I am currently taking a business ethics class at a local university. The past couple classes we have been having a little role playing mini debate. Let me give you a little background of the debate.
We are taking the role of an admission committee for a medical school. We are choosing from two different students who are on different waiting lists:
- One, a male named Ben, is at the top of the waiting list in the Traditional Pool. The traditional pool mainly looks at quantitative numbers, such as GPA and entry level test scores. Ben received a GPA of 3.8 from
and scored in the top 15% on the entry level tests. Ben grew up in a family that was well-off and he had a lot of opportunities presented to him (he was well taken care of even before birth, put into nice schools, etc). Yale University
- The other applicant is a woman named Bonita. Bonita is in the top of the list of the Diversity Pool. The diversity pool not only looks at the quantitative numbers mentioned above, but also looks at other factors, such as community involvement, life situation, etc. Bonita didn't graduate from high school. Later in life, her employer suggested that she should go to a local university. Bonita went to the university and graduated from with a 3.6 GPA and scored in the top 30% in the entry level tests. Bonita did not grow up in a great family. She was born with a mild case of Fetal Alcohol Syndrome. She was not presented with the same opportunities of Ben. She had to drop out of high school to help with her family. She has been involved with and volunteered for many different community activities.
And that’s the basic scenario (if you really want, I could probably get the entire scenario and stick it up here). For two days, we have been debating on this situation and who should be accepted into the medical school.
We got to choose our sides and we are able to switch sides at any point. I chose Ben's side. The point that keeps coming up (from Ben's side) is that he scored higher then Bonita. Plain and simple. Before and after class, I have discussed with Ben's side and this is exactly the reason that everyone on Ben's side is trying to get Ben admitted. He went to a highly esteemed school and got a 3.8. He also scored in the top 15%. Bonita didn't score as high. I can honestly say that I didn't even take race (or any other factors) into consideration, as I'm sure most of Ben's side didn't either.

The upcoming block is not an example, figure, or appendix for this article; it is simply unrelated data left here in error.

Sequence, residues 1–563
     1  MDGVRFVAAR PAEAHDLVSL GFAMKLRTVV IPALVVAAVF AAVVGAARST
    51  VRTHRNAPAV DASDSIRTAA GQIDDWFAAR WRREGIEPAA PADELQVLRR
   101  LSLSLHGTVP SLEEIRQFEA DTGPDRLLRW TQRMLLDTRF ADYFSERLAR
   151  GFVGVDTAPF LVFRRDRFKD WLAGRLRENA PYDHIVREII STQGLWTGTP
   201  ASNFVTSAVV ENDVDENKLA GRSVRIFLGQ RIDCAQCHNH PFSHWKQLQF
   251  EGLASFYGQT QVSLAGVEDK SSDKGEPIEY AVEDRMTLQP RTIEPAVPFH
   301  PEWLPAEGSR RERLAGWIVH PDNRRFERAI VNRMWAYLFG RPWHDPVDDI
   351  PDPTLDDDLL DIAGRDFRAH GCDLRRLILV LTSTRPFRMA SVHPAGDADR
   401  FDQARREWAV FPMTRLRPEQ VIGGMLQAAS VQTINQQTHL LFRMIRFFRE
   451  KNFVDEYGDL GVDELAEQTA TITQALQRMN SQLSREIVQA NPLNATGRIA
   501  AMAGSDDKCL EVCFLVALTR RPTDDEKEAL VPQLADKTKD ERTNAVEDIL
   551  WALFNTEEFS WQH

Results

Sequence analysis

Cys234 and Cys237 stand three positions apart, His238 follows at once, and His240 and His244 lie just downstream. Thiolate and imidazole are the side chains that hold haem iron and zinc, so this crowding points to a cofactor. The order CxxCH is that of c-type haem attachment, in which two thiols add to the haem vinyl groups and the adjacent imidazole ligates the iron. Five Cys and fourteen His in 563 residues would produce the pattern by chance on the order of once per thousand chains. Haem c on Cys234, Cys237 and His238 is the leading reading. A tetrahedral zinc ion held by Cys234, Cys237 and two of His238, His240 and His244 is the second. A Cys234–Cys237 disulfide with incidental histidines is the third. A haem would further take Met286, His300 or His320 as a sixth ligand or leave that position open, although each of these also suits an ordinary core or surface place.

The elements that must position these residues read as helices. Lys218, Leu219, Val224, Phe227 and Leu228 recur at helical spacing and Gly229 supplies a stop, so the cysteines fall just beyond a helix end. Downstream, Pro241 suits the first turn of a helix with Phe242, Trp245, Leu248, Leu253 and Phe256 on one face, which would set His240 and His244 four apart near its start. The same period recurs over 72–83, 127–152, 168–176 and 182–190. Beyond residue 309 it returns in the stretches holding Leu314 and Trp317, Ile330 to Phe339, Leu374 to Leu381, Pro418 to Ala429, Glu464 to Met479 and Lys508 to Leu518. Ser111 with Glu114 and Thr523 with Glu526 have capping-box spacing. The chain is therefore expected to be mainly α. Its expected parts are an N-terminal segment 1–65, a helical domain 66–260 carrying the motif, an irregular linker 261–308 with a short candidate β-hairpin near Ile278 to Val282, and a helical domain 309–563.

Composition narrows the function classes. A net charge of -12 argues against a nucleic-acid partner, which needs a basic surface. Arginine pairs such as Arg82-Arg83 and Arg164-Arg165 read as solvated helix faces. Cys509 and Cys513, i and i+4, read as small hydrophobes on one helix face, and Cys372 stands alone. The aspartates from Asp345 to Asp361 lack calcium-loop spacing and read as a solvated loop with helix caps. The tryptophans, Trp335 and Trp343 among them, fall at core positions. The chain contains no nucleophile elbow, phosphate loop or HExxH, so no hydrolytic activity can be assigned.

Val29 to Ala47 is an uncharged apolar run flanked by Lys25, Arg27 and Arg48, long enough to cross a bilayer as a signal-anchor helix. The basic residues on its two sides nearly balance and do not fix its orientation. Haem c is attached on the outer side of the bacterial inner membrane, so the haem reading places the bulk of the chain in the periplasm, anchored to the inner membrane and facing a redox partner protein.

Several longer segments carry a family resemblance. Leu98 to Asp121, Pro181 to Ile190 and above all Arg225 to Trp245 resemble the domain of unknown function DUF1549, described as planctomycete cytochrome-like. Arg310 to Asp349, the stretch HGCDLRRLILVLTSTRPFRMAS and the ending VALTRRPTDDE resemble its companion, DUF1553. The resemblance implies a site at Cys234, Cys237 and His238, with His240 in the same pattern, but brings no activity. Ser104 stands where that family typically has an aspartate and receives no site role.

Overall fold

Towards the end of the debate on day one, we were called racists by one of the people pushing for Bonita. The paper scenario the professor read to us, did not once mention race. The fact that Bonita is a minority, is not a fact, it is just an assumption.
Towards the end of the debate on day two, we were called sexist. A lady in the class asked if the roles were reversed (aka Ben was the less-fortunate who scored lower and Bonita was the well-off who scored higher) would we have chosen the same? Yes we would have. We were looking at the FACT that Ben scored higher (not to mention it was Yale university) than Bonita (who attended a local university). Nothing else. So had Bonita scored higher on both her GPA and entry level tests, I would have been in Bonita’s camp.
Both of these people (the person that called us racist and person that called us sexist) seem to have pretty liberal view points. I don't know if they are liberal or not. But it did get me thinking about liberals. In the case of the debate, they want the underdog to win. There's nothing wrong with that. Having the underdog win is great. It makes for great entertainment. It makes everyone feel motivated that they can accomplish anything. But even though it is great to have the underdog win, in life we have to have some kind of guidelines, rules and benchmarks to live by.
Let's take a couple of movies for example. “Rudy”. Rudy wasn't instantly let into Notre Dame. His grades weren't good enough. So what did Rudy do? He tried harder. He went to a school that he was accepted into and tried to raise he grades. Semester after semester he tried get into Notre Dame and he kept getting rejected. Finally, when his grades were good enough, he was accepted into Notre Dame! He wouldn't have appreciated what he had accomplished nearly as much, if he was just let into the school.
“Pursuit of Happyness”. Chris Gardner came from horrible circumstances. But he wasn't handed the position. He had to fight for it. He had to get the best test scores. Which he did! He turned his life around by his hard work!
These are the best kind of underdog stories. These stories wouldn't have been nearly as good if they didn't accomplish their goals by their own merits and they just had it handed to them. In fact, there probably wouldn't have even been movies or books written about them and their stories.
Here’s another example. Let’s say one of the contestants of the Biggest Loser made it to the Olympics as one of the top competitors in the 100-yard dash. Then on the day of the race, they finished only a few milliseconds behind a contestant that had grown up running (and being in shape) with the goal of making it to the Olympics. We wouldn't give the Biggest Loser the gold medal just because of the journey they had completed. They didn't earn it. But, I would still applaud them for all they had accomplished.
Bottom line, we all want to see people succeed. But we have to live by rules. Rules are what make society possible to live in. And just because we live by rules, doesn't make us bad people. It doesn't make us sexist or racist either.
(And p.s. you can apply this to anything: health care, welfare, immigration, etc.)